Central Africa
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Central Africa

Population

192,599,175

Area

6,547,170 km²

GDP total

$259,770.71 million

Countries

Angola, Burundi, Cameroon, Central African Republic, Chad, Republic of the Congo, Democratic Republic of the Congo, Equatorial Guinea, Gabon, Rwanda, São Tomé and Príncipe.

4.86

Criminality Score

3rd of 5 African regions

Criminal market

4.63

Human Trafficking

5.41

Human Smuggling

4.27

Arms Trafficking

5.91

Flora Crimes

5.68

Fauna Crimes

5.59

Non-Renewable Resources Crimes

5.64

Heroin Trade

3.09

Cocaine Trade

2.55

Cannabis Trade

4.36

Synthetic Drugs Trade

3.77

Criminal Actors

5.08

Mafia-Style Groups

3.45

Criminal Networks

5.09

State-Embedded Actors

7.09

Foreign Actors

4.68

2.95

State Resilience Score

5th of 5 African regions

Political Leadership and Governance

2.95

Government Transparency and Accountability

2.32

International Cooperation

3.82

National Policies and Laws

4.18

Judicial System and Detention

2.82

Law Enforcement

3.27

Territorial Integrity

3.73

Anti-Money Laundering

2.91

Economic Regulatory Environment

2.77

Victim and Witness Support

1.86

Prevention

1.95

Non-State Actors

2.77

2.95 5.08 4.63 2.95 5.08 4.63

Central Africa’s criminality score falls below the continental average, placing it third in the regional ranking.

In line with other regions, criminal actors marginally drive up the criminality average for Central Africa, with an average score of 5.08, compared to its criminal markets average score of 4.63. When looking at the criminality components individually, both criminal markets and actors fall below the continental averages (4.68 and 5.25, respectively), suggesting perhaps a more limited distribution of criminality typologies than experienced in other regions. In the context of prolonged conflict in the region and the extensive biodiversity that occurs in many countries in Central Africa, arms trafficking and the environmental markets are far more prevalent than are the drug economies. While the region’s average criminal actors score places this subcomponent in the middle of the regional ranking, state-embedded actors have the highest average score in Central Africa than in any other region on the continent. Central Africa is by some distance the lowest-scoring region in Africa for resilience, with an average score of 2.95. While the region does not perform well on any resilience indicator, collectively it falls particularly short with regard to social protection measures, such as victim and witness support and prevention measures.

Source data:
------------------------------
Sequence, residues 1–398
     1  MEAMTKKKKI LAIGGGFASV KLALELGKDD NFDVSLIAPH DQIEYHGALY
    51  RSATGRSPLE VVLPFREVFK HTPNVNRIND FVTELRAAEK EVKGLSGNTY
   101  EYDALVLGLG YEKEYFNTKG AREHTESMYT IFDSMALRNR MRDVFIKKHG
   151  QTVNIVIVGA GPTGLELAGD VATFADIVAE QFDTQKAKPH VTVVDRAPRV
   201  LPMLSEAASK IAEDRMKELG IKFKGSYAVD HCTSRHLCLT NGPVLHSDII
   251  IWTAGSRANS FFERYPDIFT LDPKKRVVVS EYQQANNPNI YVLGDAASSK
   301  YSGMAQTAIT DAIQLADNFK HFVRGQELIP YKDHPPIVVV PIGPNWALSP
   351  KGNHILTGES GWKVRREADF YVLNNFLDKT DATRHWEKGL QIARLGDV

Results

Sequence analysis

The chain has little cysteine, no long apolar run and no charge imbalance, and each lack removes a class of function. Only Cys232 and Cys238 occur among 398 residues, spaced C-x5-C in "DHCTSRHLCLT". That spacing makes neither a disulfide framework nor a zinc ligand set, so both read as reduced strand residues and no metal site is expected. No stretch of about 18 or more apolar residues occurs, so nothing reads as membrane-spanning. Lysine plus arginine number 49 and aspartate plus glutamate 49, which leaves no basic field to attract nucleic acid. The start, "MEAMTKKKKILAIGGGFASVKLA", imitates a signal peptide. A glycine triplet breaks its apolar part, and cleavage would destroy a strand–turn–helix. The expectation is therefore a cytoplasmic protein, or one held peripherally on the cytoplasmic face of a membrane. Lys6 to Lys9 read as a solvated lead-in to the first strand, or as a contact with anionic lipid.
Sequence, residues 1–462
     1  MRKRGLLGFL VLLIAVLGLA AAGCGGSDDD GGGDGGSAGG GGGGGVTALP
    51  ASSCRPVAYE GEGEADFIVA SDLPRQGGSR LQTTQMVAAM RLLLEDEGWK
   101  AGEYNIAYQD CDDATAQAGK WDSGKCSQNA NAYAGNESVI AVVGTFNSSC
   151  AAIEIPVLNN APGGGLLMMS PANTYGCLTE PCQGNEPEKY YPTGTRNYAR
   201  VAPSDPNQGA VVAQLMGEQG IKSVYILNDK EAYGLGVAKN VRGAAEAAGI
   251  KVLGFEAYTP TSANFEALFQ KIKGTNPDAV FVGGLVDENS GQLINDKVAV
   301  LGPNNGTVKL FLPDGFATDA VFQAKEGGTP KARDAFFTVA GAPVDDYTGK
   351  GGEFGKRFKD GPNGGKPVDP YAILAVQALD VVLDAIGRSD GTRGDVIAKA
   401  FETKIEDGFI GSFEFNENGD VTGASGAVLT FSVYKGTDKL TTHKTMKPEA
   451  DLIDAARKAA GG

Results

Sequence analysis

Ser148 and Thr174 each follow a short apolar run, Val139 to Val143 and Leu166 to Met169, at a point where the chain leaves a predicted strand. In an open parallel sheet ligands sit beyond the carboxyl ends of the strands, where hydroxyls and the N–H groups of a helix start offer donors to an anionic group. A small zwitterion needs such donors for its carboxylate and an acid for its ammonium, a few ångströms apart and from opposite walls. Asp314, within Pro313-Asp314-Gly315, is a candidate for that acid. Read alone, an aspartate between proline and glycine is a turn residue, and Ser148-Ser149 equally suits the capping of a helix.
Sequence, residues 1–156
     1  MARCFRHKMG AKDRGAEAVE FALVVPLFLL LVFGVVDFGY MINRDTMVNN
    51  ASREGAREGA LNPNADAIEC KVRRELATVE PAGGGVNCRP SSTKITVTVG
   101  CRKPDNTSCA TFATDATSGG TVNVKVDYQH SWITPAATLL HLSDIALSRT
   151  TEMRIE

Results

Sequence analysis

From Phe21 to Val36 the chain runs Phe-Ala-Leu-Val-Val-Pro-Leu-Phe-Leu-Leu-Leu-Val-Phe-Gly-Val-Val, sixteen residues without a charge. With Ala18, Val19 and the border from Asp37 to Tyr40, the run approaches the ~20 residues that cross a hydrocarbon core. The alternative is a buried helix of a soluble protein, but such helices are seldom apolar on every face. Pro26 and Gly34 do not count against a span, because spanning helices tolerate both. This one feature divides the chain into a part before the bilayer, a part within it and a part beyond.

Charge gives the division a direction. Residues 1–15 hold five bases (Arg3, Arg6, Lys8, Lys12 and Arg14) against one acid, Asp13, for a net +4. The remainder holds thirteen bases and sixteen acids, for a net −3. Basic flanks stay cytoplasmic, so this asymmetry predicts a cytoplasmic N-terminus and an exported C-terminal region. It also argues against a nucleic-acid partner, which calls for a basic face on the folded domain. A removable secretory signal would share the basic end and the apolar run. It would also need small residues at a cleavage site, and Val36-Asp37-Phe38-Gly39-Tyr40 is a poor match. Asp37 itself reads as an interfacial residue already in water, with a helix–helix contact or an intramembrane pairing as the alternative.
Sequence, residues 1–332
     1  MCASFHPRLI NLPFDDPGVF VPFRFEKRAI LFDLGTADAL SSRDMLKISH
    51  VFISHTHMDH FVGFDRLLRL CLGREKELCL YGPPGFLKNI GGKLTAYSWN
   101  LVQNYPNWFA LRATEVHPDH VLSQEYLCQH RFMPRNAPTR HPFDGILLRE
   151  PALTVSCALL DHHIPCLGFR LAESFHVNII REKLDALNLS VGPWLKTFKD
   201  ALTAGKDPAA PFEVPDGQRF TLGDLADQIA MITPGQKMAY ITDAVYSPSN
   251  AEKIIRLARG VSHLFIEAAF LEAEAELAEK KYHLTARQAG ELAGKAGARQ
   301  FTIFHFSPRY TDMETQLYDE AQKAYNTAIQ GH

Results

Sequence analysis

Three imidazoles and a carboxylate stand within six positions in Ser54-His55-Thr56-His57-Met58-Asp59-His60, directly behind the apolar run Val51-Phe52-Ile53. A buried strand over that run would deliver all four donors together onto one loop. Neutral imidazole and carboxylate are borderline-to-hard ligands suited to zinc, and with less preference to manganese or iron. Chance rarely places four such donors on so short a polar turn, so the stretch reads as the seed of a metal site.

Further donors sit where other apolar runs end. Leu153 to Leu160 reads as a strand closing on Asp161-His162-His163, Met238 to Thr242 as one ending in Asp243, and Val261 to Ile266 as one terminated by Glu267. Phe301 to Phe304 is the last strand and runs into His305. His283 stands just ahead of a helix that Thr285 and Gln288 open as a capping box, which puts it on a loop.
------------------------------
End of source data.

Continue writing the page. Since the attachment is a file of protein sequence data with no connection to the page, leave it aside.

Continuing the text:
Eritrea

Capital

Asmara

Population

5,187,948

Area

101,000 km²

Coastline Length

2,234 km

Landborder Length

1,840 km

GDP total

$6,720.00 million

GDP per capita

$1,295.31

4.27

Criminality Score

39th of 54 African countries

8th of 9 East Africa countries

Criminal market

3.90

Human Trafficking

8.50

Human Smuggling

8.00

Arms Trafficking

6.00

Flora Crimes

1.50

Fauna Crimes

2.00

Non-Renewable Resources Crimes

3.00

Heroin Trade

3.00

Cocaine Trade

1.50

Cannabis Trade

4.00

Synthetic Drugs Trade

1.50

Criminal Actors

4.63

Mafia-Style Groups

1.00

Criminal Networks

5.50

State-Embedded Actors

9.50

Foreign Actors

2.50

2.33

State Resilience Score

46th of 54 African countries

7th of 9 East Africa countries

Political Leadership and Governance

1.00

Government Transparency and Accountability

1.00

International Cooperation

2.00

National Policies and Laws

2.50

Judicial System and Detention

2.00

Law Enforcement

3.00

Territorial Integrity

7.00

Anti-Money Laundering

3.00

Economic Regulatory Environment

2.50

Victim and Witness Support

1.00

Prevention

2.00

Non-State Actors

1.00

2.33 4.63 3.90 2.33 4.63 3.90

Eritrea ranks 39th in the Index, with high scores for only a few criminal markets and criminal actors.

The involvement of state-embedded actors and criminal networks in human trafficking, arms trafficking and human smuggling are deemed to be major issues, exerting a significant to severe negative influence on society. Eritrea is ranked as one of Africa’s least-resilient countries, in 46th place, with only one indicator in the resilience component scoring above 3. The country's authoritarian regime, which many Eritreans perceive as a ‘mafia organisation’, lacks the political will to combat organised crime, in many cases participating in illicit activities itself. The absence of victim and witness support, press censorship and endemic corruption also play a part in the low resilience scores attributed by experts.

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The criminal markets score is represented by the pyramid base size and the criminal actors score is represented by the pyramid height, on a scale ranging from 1 to 10. The resilience score is represented by the panel height, which can be identified by the side of the panel.